Nanotechnologies - tiny devices and systems on a nanoscale - are developing so fast that regulation has been struggling to keep up. In recent years there have been growing fears about the potential risks to human health and the environment from nanotechnology.
All impact case studies (technology and innovation)
- Results: (12)
The UK Government established Sure Start in 1999 to provide integrated early years services primarily targeted on disadvantaged groups. One of its main architects, Norman Glass of HM Treasury, described it as "an outstanding example of evidence-based policy."
A new tool assessing the quality of team-related behaviours of the core members of an operating theatre team has been mandated for national use by the National Patient Safety Agency and implemented in several other countries.
Innovation in the UK is not restricted to high-tech and pharmaceutical industries. Right across the country, innovation is turning up in unexpected places and firms. Also, innovation is not just about new products; it is seen in fresh approaches to services, business processes and methods.
Research leading to the development of a simulator for new bus drivers, a psychometric driver assessment, and safety guidelines at bus depots - resulting in substantial cost savings for the bus company.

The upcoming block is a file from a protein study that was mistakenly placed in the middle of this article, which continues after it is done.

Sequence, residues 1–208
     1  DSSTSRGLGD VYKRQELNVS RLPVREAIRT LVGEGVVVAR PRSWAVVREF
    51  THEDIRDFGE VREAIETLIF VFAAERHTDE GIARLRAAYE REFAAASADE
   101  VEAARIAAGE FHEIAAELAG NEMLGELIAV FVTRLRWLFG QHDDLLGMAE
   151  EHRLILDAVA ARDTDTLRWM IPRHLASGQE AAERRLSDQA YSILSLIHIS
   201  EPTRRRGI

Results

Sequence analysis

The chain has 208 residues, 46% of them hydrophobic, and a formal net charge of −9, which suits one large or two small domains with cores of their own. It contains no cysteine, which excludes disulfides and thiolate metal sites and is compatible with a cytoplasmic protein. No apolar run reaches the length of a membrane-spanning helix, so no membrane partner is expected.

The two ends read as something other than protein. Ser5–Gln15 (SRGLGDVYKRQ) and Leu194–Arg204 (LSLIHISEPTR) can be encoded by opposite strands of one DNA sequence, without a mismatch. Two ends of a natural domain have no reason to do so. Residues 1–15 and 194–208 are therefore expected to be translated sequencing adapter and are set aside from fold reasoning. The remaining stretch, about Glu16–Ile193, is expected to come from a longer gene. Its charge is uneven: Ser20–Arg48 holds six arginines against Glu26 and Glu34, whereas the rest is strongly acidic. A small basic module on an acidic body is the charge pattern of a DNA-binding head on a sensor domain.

MissionMaker, a software tool enabling teenagers to create their own computer games, is now used in over 200 schools and is part of the Institute of Education's Masters programmes.
Award-winning psychological research has underpinned the development of Electronic Financial Advice software which delivers computer-based feedback on financial decisions, leading to commercial research spinouts.
Policy recommendations from the Sussex Energy Group have shaped the UK government's position for climate change negotiations, as well as informing the Chilean and Indian governments on technology transfer policies.
The Centre on Skills, Knowledge and Organisational Performance's research has informed the English Skills Strategy and policies in Finland, Norway and Australia.
The UK Children Go Online project has had a substantial impact on the design of safeguards to protect children from harmful material on the internet.